Second, because a company’s future value-creation prospects are strongly influenced by its current position, executives should regularly reconsider their value creation strategy as the company’s position evolves, adapting the strategy to new circumstances and new industry trends. One of the most effective ways for a company to refresh its value creation performance is by actively managing its corporate portfolio—by defining the roles of the businesses, products, and other key assets in the portfolio, allocating capital and other resources according to those roles, among other things, and reshaping the portfolio over time through acquisitions and divestitures.

Notes:

1.
See Value Creation for the Rest of Us, BCG’s 2015 Value Creators report, July 2015.

Authors and Acknowledgments

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Acknowledgments

This report is a product of BCG’s Corporate Development practice. The authors would like to thank their BCG colleagues Danny Friedman, Ketil Gjerstad, Nick Glenning, Jens Kengelbach, Jesper Nielsen, Alexander Roos, and Peter Tollman.

The authors would also like to thank Robert Howard for his contributions to the conceptualization and writing of this report and Martin Link for contributions to the research. Finally, the authors wish to thank Katherine Andrews, Gary Callahan, Kim Friedman, Abby Garland, Amy Halliday, and Sara Strassenreiter for their contributions to the report’s editing, design, and production.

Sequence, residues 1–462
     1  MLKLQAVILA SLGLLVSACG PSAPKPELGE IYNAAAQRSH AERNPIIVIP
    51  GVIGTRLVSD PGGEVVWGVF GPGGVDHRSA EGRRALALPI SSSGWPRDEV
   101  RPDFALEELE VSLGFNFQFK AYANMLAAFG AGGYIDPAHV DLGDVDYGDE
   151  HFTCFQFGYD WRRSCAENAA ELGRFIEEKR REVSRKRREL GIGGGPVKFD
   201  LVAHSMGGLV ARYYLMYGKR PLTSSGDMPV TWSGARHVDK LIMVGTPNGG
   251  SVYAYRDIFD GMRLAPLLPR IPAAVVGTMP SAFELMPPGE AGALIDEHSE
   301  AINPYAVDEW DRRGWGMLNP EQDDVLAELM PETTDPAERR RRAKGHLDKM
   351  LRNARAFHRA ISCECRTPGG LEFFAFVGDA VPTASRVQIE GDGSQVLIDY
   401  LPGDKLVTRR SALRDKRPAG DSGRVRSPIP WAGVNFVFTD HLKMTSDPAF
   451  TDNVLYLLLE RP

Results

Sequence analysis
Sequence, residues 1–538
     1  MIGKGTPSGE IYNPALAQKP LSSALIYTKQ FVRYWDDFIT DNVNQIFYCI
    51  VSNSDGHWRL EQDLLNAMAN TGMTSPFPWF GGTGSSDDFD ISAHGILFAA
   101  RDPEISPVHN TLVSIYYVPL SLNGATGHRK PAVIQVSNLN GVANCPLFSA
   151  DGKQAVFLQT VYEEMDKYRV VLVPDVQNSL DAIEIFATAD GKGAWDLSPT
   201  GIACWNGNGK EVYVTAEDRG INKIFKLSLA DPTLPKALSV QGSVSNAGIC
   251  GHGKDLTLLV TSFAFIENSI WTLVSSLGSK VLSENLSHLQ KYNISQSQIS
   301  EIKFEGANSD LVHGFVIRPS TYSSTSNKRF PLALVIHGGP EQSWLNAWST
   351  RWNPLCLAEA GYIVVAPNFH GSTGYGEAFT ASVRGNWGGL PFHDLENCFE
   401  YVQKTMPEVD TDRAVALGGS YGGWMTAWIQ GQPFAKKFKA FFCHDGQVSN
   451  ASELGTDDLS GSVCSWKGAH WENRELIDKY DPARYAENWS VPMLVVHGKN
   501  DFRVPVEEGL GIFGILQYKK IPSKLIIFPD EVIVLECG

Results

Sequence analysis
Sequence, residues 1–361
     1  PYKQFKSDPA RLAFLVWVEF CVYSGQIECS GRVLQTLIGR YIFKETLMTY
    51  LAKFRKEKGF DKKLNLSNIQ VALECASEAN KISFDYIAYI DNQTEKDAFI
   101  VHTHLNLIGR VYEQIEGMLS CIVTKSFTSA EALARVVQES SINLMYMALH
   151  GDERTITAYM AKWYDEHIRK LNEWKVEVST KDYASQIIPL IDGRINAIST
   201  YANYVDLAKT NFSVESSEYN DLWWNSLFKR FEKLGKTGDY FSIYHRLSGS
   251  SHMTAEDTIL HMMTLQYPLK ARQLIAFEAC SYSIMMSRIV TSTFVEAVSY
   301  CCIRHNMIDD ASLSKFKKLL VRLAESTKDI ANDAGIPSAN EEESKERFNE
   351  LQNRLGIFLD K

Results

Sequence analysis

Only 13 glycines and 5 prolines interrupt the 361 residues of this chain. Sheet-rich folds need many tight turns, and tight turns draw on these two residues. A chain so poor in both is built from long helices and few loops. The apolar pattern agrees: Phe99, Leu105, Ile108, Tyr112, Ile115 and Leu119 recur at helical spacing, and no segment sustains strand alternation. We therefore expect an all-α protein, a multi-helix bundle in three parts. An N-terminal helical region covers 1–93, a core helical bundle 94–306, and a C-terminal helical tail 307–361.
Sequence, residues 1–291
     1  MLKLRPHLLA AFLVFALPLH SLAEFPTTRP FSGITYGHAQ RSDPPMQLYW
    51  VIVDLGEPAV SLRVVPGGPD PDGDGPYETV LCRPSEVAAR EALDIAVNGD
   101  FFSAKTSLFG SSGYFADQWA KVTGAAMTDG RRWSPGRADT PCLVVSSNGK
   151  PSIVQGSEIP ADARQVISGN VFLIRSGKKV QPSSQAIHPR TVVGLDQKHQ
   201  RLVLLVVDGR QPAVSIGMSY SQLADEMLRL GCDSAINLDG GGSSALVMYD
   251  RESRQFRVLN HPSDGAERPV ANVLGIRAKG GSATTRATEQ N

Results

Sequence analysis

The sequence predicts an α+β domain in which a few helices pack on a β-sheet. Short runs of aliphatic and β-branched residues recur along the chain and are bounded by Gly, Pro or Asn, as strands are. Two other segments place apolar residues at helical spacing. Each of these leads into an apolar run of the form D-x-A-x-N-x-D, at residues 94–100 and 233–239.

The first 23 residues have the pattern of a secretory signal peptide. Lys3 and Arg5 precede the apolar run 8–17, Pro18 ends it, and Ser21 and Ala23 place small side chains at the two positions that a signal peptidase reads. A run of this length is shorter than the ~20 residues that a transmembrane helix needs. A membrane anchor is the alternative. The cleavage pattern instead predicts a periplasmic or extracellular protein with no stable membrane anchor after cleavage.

THE COMPONENTS OF TSR

Total shareholder return (TSR) measures the combination of share price gains (or losses) and dividend yield for a company’s stock over a given period. It is the most comprehensive metric for assessing a company’s shareholder-value-creation performance, preferred by investment funds to measure business performance and, in some locations, a requirement for regulatory compliance.

TSR is the product of multiple factors. Regular readers of the Value Creators report will be familiar with BCG’s model for quantifying the relative contributions of TSR’s various sources. (See the exhibit below.) The model uses the combination of revenue (sales) growth and change in margins as an indicator of a company’s improvement in fundamental value. It then uses the change in the company’s valuation multiple to determine the impact of investor expectations on TSR. Together, these two factors determine the change in a company’s market capitalization and the capital gain or loss to investors. Finally, the model tracks the distribution of free cash flow to investors and debt holders in the form of dividends, share repurchases, and repayments of debt to determine the contribution of free-cash-flow payouts to a company’s TSR.

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All these factors interact with one another—sometimes in unexpected ways. A company may grow its revenue through an EPS-accretive acquisition yet not create any TSR because the acquisition erodes gross margins. And some forms of cash contribution (for example, dividends) have a more positive impact on a company’s valuation multiple than others (for example, share buybacks). Because of these interactions, we recommend that companies take a holistic approach to value creation strategy.

Creating Value Through Active Portfolio Management: The 2016 Value Creators Report